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Church delivers poll sermon

Shillong, Nov. 28: In an extension of its role as the moral guardian of the pre-dominantly Christian state of Meghalaya, the Church has begun framing a set of electoral guidelines that voters are expected to follow while exercising their franchise in the Assembly elections.

The Archbishop of Shillong, Dominic Jala, told The Telegraph that the objective of coming out with a set of guidelines was to inform the people to vote for politicians who would work for them, practise value-based politics and “clean up the mess”.

He said it was not mandatory for the electorate to adhere to the guidelines — to be released next month — but the Church certainly expected everyone in Meghalaya to play a part in purging the political system of undesirable elements.

If the guidelines are actually published and distributed, it will be the first instance of the Church playing such a big role in the electoral process. A resident said there was nothing wrong in the clergy sermonising on political morals. “The Church has taken the correct decision. I believe the guidelines should be religiously adhered to by each voter.”

Meghalaya is the hotbed of political turbulence, with power changing hands several times in the past five years. The present government, led by Flinder Anderson Khonglam, has never been on firm ground because of friction between the main coalition partners.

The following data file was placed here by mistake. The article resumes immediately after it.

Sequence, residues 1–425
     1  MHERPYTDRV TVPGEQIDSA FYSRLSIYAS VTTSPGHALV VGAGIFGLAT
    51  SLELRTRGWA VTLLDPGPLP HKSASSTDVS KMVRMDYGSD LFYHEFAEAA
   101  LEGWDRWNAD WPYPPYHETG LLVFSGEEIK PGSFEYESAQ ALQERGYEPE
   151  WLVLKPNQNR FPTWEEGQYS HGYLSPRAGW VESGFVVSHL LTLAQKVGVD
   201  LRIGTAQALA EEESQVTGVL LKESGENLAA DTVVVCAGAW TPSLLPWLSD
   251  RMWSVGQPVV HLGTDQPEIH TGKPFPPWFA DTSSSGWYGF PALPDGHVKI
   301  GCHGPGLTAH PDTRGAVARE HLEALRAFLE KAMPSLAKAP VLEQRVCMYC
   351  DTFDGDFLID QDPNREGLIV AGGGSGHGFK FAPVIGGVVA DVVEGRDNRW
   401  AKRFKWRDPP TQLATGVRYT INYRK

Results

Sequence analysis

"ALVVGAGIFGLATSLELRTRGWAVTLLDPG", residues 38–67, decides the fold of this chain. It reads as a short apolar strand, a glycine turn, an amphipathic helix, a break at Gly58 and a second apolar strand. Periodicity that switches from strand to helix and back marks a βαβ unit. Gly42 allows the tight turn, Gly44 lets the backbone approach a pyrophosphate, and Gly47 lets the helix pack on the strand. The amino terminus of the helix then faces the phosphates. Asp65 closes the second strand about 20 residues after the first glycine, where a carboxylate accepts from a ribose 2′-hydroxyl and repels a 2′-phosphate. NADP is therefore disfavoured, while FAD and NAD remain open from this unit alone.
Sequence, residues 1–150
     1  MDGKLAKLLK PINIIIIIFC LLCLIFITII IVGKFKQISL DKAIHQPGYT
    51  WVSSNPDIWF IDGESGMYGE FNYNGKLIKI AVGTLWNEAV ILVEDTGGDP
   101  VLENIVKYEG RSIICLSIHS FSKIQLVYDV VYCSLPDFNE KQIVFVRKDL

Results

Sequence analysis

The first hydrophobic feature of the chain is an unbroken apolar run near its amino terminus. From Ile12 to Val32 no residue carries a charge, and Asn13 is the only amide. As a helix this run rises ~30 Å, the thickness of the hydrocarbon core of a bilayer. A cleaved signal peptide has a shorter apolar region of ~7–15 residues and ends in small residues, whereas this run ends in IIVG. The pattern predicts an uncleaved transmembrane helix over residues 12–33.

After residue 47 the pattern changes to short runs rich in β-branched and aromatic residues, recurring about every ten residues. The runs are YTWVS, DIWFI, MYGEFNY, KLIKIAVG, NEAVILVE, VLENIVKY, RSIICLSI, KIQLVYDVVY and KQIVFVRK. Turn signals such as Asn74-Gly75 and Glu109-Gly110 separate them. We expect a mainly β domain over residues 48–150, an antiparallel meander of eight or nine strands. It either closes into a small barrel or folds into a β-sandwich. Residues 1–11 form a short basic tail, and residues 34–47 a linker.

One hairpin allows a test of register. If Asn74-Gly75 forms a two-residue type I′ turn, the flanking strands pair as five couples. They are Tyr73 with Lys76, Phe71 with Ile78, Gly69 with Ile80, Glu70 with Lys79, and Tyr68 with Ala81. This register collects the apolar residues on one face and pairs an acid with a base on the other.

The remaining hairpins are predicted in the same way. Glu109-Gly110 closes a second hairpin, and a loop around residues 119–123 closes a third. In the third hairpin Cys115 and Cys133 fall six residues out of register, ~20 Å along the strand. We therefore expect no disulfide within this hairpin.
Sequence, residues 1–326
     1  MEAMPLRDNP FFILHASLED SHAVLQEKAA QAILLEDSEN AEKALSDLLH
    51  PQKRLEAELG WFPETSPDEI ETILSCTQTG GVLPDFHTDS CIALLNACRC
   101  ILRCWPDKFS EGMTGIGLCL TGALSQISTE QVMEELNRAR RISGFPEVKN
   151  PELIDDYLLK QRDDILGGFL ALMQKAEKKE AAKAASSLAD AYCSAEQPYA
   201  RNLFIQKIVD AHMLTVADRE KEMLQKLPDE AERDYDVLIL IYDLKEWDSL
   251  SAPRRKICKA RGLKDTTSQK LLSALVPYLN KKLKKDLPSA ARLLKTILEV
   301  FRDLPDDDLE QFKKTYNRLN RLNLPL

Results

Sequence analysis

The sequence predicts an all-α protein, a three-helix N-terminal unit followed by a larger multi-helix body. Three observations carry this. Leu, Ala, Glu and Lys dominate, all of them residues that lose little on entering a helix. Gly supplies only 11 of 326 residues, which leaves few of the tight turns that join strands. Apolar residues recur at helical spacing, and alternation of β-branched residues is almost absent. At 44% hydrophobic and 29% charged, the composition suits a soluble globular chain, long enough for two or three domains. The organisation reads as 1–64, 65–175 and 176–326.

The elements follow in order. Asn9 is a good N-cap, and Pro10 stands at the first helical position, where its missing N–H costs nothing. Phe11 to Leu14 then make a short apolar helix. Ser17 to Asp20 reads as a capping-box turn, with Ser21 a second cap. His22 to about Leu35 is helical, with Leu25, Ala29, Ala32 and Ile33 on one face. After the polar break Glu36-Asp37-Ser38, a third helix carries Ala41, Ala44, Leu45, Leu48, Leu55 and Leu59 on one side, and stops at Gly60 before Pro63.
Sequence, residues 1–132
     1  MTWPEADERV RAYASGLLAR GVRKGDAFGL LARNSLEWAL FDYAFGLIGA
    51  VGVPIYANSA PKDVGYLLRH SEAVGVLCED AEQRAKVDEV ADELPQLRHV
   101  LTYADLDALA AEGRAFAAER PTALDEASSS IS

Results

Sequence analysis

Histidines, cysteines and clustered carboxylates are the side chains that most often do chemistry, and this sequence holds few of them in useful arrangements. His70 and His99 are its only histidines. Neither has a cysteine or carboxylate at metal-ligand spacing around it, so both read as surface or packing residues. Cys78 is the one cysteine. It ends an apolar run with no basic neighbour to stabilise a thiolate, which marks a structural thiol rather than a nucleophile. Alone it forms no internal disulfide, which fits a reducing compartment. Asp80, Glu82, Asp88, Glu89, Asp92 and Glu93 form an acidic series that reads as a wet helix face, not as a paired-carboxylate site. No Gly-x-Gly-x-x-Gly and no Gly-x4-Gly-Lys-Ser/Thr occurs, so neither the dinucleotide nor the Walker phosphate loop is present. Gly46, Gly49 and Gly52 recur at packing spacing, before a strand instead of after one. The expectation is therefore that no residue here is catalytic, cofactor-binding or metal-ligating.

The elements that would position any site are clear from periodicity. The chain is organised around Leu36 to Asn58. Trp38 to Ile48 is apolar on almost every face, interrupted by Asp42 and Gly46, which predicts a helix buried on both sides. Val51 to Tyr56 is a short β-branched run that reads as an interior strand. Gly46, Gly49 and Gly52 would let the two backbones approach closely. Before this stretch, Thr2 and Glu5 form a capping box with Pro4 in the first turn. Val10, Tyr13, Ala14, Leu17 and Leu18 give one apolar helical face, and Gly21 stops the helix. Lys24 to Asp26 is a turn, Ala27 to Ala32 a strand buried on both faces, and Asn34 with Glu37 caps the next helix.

Archbishop Jala said the guidelines would help not just the electorate, but also the politicians in whose hands lies their future. “The Catholic Church expects each faithful, whether he is a politician or the man on the street, to lead a disciplined life. So, the guidelines are for everybody.”

On whether the proposed set of directives would cover each aspect of polling, he said, “It will be a thought-provoking set of instructions on morals and governance. Our objective is to encourage introspection by the masses as well as the politicians who represent their hopes and aspirations.”

Questioning the rationale behind “so many changes in government” over the past few years, the Church leader said the credibility of politicians had taken a beating. “That so many governments have come and gone is a sad commentary on the state of affairs in Meghalaya. The public has to realise that it must play the major role in the cleansing process.”

On corruption, he said it was intriguing why no corrupt leader had been penalised.

“We often hear about politicians being corrupt. But we are still in the dark about who is guilty and who is not.”

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